Abnormal brain oxygen homeostasis in an animal model of liver disease
AUTHORS: Hadjihambi A, Cudalbu C, Pierzchala K, Simicic S, Donnelly C, Konstantinou C, Davies N, Habtesion A, Gourine AV, Jalan R, Hosford PS
JHEP Reports, 4(8): 100509, August 2022
Background & Aims
Increased plasma ammonia concentration and consequent disruption of brain energy metabolism could underpin the pathogenesis of hepatic encephalopathy (HE). Brain energy homeostasis relies on effective maintenance of brain oxygenation, and dysregulation impairs neuronal function leading to cognitive impairment. We hypothesised that HE is associated with reduced brain oxygenation and we explored the potential role of ammonia as an underlying pathophysiological factor.
In a rat model of chronic liver disease with minimal HE (mHE; bile duct ligation [BDL]), brain tissue oxygen measurement, and proton magnetic resonance spectroscopy were used to investigate how hyperammonaemia impacts oxygenation and metabolic substrate availability in the central nervous system. Ornithine phenylacetate (OP, OCR-002; Ocera Therapeutics, CA, USA) was used as an experimental treatment to reduce plasma ammonia concentration.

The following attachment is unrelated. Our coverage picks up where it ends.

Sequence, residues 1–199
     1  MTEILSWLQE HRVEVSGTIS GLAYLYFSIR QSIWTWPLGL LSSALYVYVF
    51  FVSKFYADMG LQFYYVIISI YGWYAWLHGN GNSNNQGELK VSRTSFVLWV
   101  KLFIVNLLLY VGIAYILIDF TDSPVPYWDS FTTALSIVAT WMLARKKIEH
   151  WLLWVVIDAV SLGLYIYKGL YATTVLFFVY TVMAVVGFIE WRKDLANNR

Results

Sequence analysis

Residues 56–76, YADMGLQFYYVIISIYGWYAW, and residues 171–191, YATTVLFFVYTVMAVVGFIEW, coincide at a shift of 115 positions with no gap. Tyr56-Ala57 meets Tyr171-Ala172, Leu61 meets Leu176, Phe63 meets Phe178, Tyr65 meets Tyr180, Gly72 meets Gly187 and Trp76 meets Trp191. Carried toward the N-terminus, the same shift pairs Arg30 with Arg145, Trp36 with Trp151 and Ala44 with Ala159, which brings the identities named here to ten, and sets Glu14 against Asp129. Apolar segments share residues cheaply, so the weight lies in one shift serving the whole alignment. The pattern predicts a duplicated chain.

In BDL animals, glucose, lactate, and tissue oxygen concentration in the cerebral cortex were significantly lower than those in sham-operated controls. OP treatment corrected the hyperammonaemia and restored brain tissue oxygen. Although BDL animals were hypotensive, cortical tissue oxygen concentration was significantly improved by treatments that increased arterial blood pressure. Cerebrovascular reactivity to exogenously applied CO2 was found to be normal in BDL animals.
These data suggest that hyperammonaemia significantly decreases cortical oxygenation, potentially compromising brain energy metabolism. These findings have potential clinical implications for the treatment of patients with mHE.